Inside the small exhibition venue Hejserummet, nestling among a series of artist studios in a Copenhagen backyard, you can currently see a mural made from the primary colours of a new theory of colours. The work and the entire theory of colours are both the work of Henriette Heise, an artist and professor at the Royal Danish Academy of Fine Arts. Her A Theory of Colours of 2017 is a circular shape divided into eight sections, clearly reminiscent of the colour wheels created by Isaac Newton in 1672 and Johann Wolfgang Goethe in 1793. But unlike those historic versions, Heise’s colour wheel is based exclusively on a spectrum of cool colours in hues of blue and green.
For the exhibition A Theory of Colours of 2017, explained Heise painted so-called lens flares (the geometric figures inadvertently created when light hits a camera lens) onto the wall using blended colours – notes of petroleum green and greyish blue, which are very poetically described in the brief press release as “less self-assured in their function than the primary colours.” So whereas the colour theories of the past were intended as tools to further our understanding of the world, it would seem that Heise’s theory of colours is more interested in opening up the realms of the unexplained, giving us a less definable palette with which to paint our contemporary era.
How did you arrive at the colours featured in your take on a colour theory for our present day?
The primary colours in my colour theory are what I call technical colours – a term I use because the colours serve a specific function. There are two Chroma Key colours, one blue and one green, and two chalkboard paints, one black and one dark green. The Chroma Key colours are radically open to everything in the sense that they can be used as background colours which can be digitally replaced by anything. Chalkboard paint is used for school blackboards, which are mostly utilised to convey what is currently accepted as approved knowledge.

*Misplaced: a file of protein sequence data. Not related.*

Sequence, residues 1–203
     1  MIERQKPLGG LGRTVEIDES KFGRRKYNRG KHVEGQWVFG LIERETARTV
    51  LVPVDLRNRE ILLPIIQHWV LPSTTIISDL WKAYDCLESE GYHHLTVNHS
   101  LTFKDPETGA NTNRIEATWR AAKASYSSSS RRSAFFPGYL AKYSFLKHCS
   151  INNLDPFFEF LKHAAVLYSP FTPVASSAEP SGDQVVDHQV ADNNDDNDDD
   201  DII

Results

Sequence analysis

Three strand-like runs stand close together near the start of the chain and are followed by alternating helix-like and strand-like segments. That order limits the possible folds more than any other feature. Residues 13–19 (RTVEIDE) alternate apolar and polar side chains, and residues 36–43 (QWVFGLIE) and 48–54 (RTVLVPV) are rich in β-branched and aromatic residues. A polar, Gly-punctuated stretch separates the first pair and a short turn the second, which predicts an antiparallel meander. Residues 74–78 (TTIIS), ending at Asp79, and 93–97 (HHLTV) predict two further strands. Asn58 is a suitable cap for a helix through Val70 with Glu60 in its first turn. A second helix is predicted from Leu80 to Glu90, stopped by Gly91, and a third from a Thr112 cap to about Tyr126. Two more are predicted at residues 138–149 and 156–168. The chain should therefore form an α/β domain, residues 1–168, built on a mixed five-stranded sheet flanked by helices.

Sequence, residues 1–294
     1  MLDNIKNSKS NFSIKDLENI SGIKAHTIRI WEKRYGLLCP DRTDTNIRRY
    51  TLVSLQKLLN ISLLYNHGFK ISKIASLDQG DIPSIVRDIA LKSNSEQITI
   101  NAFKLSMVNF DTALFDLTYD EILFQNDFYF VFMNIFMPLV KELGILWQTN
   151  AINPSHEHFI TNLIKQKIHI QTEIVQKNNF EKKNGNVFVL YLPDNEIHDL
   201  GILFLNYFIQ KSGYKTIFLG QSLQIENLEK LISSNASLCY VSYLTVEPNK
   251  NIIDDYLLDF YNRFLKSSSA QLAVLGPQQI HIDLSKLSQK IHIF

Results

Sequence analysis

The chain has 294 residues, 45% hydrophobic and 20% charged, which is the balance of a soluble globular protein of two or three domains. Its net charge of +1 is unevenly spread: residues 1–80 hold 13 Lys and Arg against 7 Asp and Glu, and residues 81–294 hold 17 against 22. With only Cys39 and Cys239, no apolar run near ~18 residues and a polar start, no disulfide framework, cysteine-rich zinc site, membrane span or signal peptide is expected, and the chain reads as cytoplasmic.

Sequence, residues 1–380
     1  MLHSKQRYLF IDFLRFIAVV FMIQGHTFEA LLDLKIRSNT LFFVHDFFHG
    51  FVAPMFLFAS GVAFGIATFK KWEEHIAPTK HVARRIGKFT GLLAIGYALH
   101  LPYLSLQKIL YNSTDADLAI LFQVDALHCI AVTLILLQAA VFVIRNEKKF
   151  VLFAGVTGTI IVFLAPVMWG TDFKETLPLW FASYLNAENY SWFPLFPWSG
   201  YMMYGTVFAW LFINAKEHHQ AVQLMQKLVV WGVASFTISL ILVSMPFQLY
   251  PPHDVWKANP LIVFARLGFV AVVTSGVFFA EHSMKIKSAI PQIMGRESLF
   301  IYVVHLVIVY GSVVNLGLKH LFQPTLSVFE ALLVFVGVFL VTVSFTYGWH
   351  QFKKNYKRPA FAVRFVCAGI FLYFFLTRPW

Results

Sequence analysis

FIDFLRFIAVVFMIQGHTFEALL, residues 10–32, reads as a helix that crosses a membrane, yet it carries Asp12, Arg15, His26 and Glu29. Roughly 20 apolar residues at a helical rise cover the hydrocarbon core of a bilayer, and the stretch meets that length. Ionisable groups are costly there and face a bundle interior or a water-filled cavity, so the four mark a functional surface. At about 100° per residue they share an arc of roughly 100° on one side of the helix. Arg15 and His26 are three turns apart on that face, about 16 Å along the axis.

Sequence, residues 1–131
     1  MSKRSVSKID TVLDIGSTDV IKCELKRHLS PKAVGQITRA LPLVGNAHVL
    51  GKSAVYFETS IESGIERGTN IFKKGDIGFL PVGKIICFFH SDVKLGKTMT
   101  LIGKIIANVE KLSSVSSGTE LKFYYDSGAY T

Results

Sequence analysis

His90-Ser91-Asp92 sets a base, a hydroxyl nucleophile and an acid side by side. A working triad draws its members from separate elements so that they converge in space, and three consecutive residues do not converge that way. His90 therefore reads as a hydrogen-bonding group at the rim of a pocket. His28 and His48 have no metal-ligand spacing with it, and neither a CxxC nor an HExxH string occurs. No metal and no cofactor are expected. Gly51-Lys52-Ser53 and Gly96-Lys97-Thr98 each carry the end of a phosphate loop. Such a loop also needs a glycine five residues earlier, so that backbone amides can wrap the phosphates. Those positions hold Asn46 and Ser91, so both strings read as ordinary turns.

Speaking of blackboards and your own capacity as professor, might your colour theory be seen as a reflection on the teacher’s role and function today?
Yes, very much so, but also as a reflection on how we learn and obtain knowledge in general. My function as a teacher is to listen as much as it is to speak, and I believe that questioning the hierarchies of knowledge is crucial if we are to have the least hope of building a more gentle world.
Goethe’s colour theory lets the senses take centre stage by making the human eye a co-creator of the colours we look at. How does your colour theory relate to this?
One of the main things I notice about Goethe is that he was wrong in thinking that certain colours represented or produced specific emotions. But on the other hand he introduced the idea of a connection between colours and emotions; an idea that paved the way for new perspectives. When I try to devise a theory of colours today I am also seeking to contemplate our relationship with emotions as something that can be explained, instrumentalised and tamed. My theory of colours is a mixture of a depressive dystopia and a faint glimmer of hope insofar as I want to be mistaken just like Goethe was – in the sense that colours and emotions cannot be reduced to something purely technical.
Why do we need a new theory of colours?
I don’t yet know what others can use this theory of colours for. But I know that I myself need it to contemplate the times of transition in which we live. The theory of colours arises out of a strong sense that something needs to be reformulated. The colour wheel and mural at Hejserummet may be the most accurate answer I can give to that question right now.